Former John Bolton Deputy Pushes Forward with Lawsuit Against House Democrats

An attorney representing former deputy national security advisor Charles Kupperman on Wednesday filed court documents asking a federal judge not to dismiss his lawsuit against the House of Representatives. The lawsuit seeks an authoritative and binding judicial ruling resolving the question of whether Kupperman is constitutionally obliged to testify in the impeachment inquiry or abide by President Donald Trump’s directive not to testify.

In a 68-page memorandum, attorney Charles J. Cooper argued that despite the numerous arguments submitted to the Court by the two warring branches of government, Kupperman has yet to have been provided with a definitive answer. Cooper also represents former national security advisor John Bolton, Kupperman’s former boss.

“Both the House Defendants and the President have inundated this Court with a host of arguments for why the Court should not reach and resolve the merits of the Constitutional question raised by the conflicting commands presented by the issuance of the House subpoena to Dr. Kupperman and the President’s instruction that Dr. Kupperman not appear and testify in response to the subpoena,” Cooper said.

Accordingly, without intervention from the Court, Cooper claims that a crucial question pertaining to the separation of powers between two branches of government will be left in the hands of a private citizen.

“But if the Court accepts their entreaties to dismiss the case without reaching the merits, Dr. Kupperman will be forced to himself decide this grave Constitutional question. Neither the House nor the President has offered any explanation for why such a question should be decided by a private citizen rather than by the Judicial Department,” the attorney said.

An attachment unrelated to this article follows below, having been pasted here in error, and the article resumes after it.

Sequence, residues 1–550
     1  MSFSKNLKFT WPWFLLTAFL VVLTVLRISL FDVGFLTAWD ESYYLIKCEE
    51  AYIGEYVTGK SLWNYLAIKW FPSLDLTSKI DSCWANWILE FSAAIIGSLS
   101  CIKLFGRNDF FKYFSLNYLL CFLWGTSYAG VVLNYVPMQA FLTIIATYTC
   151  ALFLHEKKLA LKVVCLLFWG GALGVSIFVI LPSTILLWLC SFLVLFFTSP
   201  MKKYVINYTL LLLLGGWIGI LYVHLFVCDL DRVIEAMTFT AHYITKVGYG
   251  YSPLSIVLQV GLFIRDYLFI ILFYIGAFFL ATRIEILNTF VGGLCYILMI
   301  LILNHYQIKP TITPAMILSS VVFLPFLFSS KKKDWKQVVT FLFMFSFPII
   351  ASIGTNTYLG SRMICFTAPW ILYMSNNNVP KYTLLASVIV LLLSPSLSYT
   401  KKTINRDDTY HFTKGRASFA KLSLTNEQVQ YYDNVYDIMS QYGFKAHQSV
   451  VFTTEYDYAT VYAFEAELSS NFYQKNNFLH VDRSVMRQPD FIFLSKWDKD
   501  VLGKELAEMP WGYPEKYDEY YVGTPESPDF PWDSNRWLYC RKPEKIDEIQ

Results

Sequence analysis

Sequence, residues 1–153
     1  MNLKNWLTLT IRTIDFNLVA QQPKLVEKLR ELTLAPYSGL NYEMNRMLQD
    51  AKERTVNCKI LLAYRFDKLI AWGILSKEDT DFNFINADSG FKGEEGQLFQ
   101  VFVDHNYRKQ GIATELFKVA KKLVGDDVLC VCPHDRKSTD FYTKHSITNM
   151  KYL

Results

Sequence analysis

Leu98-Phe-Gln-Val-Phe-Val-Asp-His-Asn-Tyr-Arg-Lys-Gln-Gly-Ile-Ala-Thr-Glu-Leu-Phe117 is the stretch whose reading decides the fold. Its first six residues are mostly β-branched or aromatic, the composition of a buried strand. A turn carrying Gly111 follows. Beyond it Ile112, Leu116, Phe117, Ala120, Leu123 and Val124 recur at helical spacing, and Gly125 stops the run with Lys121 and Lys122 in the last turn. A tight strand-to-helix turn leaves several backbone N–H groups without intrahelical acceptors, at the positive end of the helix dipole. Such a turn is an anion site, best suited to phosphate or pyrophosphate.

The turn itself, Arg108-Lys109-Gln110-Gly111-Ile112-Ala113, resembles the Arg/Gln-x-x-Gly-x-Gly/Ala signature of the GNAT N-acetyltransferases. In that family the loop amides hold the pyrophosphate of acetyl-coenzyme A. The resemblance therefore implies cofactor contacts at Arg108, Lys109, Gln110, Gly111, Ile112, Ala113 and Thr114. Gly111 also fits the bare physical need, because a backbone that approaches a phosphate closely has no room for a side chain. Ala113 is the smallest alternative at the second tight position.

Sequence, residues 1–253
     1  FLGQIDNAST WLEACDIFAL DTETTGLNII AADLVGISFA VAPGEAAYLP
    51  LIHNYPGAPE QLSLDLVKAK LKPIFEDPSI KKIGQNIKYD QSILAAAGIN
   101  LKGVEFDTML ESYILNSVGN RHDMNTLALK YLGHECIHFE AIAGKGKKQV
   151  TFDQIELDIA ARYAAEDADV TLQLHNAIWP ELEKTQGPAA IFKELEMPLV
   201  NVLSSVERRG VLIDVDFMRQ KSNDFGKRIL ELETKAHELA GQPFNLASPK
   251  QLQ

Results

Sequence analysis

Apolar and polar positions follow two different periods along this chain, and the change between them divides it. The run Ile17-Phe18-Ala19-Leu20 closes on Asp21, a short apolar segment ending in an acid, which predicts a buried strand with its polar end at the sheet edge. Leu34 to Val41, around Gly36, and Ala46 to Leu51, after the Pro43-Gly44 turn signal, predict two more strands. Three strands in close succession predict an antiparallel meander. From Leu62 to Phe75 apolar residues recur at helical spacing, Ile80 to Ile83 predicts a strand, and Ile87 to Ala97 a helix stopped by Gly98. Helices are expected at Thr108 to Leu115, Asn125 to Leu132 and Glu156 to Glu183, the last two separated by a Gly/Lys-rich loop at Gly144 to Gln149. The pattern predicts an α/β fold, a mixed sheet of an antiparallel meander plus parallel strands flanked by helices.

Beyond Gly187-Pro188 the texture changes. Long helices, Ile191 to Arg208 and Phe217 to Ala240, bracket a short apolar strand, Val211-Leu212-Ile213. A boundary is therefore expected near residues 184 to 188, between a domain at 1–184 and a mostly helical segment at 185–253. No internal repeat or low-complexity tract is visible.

House Democrats sought to dismiss the lawsuit, claiming it was moot after withdrawing Kupperman’s subpoena due to the delay ensuing litigation would cause to the impeachment proceedings. But Kupperman has pursued the lawsuit, pressing the Court to provide an answer.

Cooper also argued that the Court should not follow the recent ruling from U.S. District judge, who ordered former White House counsel Don McGahn to testify despite protestations from the White House. Cooper has argued that whatever the outcome of the McGahn case is it doesn’t apply to Kupperman’s case.

“Judicial resolution of that question is only relevant to Dr. Kupperman if he is subject to a House subpoena, like Donald McGahn,” Cooper wrote. “Unless the House Defendants anticipated that Plaintiff would once again face a congressional subpoena, they would have no reason to ‘expect’ Plaintiff’s conduct to change in light of the McGahn litigation.”

Attorneys from the Justice Department already filed a notice of appeal in the McGahn case, which seems destined to be resolved by the Supreme Court.

Kupperman MTD by Law&Crime on Scribd

[Image via Win McNamee/Getty Images]

Jerry Lambe is a journalist at Law&Crime. He is a graduate of Georgetown University and New York Law School and previously worked in financial securities compliance and Civil Rights employment law.

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